Giacomo Fiore


I was born in Genova, Italy, one sunny September morning in 1983. me behind a guitar
I first picked up the guitar when I was 8; actually, I really wanted to play the piano, but there was no way one would fit in our old home, so… I learned the basics from a family friend, then continued strumming happily on my own. When I went for my first lesson with Armando Corsi, one of Genova’s (and Italy’s) most talented acoustic guitarists, I was sure I knew all there was to know. I was wrong.

Luckily enough, Armando proved to be a very patient teacher, and I let him steer me on the right track. He introduced me to the nuanced world of unaccompanied guitar playing, exposing me to a variety of fiery folk and world styles in our weekly lessons. His encouragement and tutoring also impacted my first attempts at writing for the guitar.

Music was then my secondary focus, but some time during my first year as a pre-med college student I realized that I owed it to myself to do what I loved full time. The previous summer, I had met Muriel Anderson at a guitar workshop in Portland, Oregon. She suggested I pursue a music major at an American school, and her tip led me to Belmont University in Nashville, Tennessee. After the initial culture shock (biscuits and gravy, anyone?) I quickly found my sea legs and began making the most of the plethora of opportunities that the college and city offered me; this period also saw the gradual shift of my interests from the folk and fingerstyle genres, to the world of classical guitar.

JI guitar pickingAfter graduating from Belmont in December of 2006, I was fortunate enough to be able to continue my studies at the San Francisco Conservatory of Music, under the brilliant and stimulating tutelage of David Tanenbaum. The two years at 50 Oak St. went by in a blur, as my horizons were stretched and my musicianship sharpened well beyond what I thought were my limits. During my second year I served as the Guitar Department Assistant, and I decided to focus more and more on music by composers from the postwar period; the program of my graduation recital in May 2009 featured music written since 1967 exclusively.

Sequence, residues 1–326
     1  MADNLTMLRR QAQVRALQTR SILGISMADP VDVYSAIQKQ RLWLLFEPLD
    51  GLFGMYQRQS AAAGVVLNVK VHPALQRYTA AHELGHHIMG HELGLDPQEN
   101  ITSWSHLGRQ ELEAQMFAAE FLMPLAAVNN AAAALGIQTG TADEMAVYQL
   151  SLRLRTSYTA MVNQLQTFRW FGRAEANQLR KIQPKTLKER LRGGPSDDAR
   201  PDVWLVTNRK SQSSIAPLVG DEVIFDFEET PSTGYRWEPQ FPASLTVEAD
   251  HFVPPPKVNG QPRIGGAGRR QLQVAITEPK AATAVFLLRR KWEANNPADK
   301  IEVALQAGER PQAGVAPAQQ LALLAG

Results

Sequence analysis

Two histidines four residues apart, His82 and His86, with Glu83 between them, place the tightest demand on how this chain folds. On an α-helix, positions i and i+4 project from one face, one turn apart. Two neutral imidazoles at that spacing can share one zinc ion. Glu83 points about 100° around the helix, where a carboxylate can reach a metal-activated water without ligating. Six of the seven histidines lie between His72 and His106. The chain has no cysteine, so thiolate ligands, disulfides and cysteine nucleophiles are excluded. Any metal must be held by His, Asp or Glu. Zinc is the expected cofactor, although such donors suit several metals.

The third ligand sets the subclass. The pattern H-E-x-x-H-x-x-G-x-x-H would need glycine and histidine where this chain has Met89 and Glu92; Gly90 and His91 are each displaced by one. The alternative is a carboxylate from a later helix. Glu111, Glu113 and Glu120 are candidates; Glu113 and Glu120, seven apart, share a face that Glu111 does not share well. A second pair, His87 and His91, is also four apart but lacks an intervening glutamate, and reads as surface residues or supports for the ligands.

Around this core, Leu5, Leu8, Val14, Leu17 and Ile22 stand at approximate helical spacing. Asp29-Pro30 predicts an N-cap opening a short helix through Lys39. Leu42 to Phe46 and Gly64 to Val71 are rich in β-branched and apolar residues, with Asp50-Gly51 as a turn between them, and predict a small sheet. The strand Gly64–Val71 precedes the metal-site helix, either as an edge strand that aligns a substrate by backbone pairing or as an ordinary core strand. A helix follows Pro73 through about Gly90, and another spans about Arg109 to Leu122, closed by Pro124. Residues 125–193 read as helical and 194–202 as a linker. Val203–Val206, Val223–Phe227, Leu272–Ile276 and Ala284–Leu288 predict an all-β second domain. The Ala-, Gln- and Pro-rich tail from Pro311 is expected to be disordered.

The next step of my musical journey began in the fall of 2009, when I chose to continue my graduate studies at the University of California, Santa Cruz. I was extremely fortunate to find advisors such as Amy Beal, Leta Miller, and Larry Polansky, who encouraged me to keep close to my instrument and continue my development as a scholar-performer. In June 2013 I completed my Ph.D., focusing mainly development of just intonation guitars in 20th-century American music, with particular emphasis on the works of Lou Harrison, James Tenney, and Larry Polansky.

Since then I have been teaching a diverse set of courses (including 20th/21st Century Classical Music Surveys, Improvisation, Electronic Music, Music Appreciation, Hollywood and Broadway Musical, U.S. Popular Music, and the Music of the Beatles) at the San Francisco Conservatory, UCSC, USF, and Cal State Monterey Bay. I play electric guitar and serve as Executive Director for Wild Rumpus; and I often perform in an electric guitar duo with composer Larry Polansky.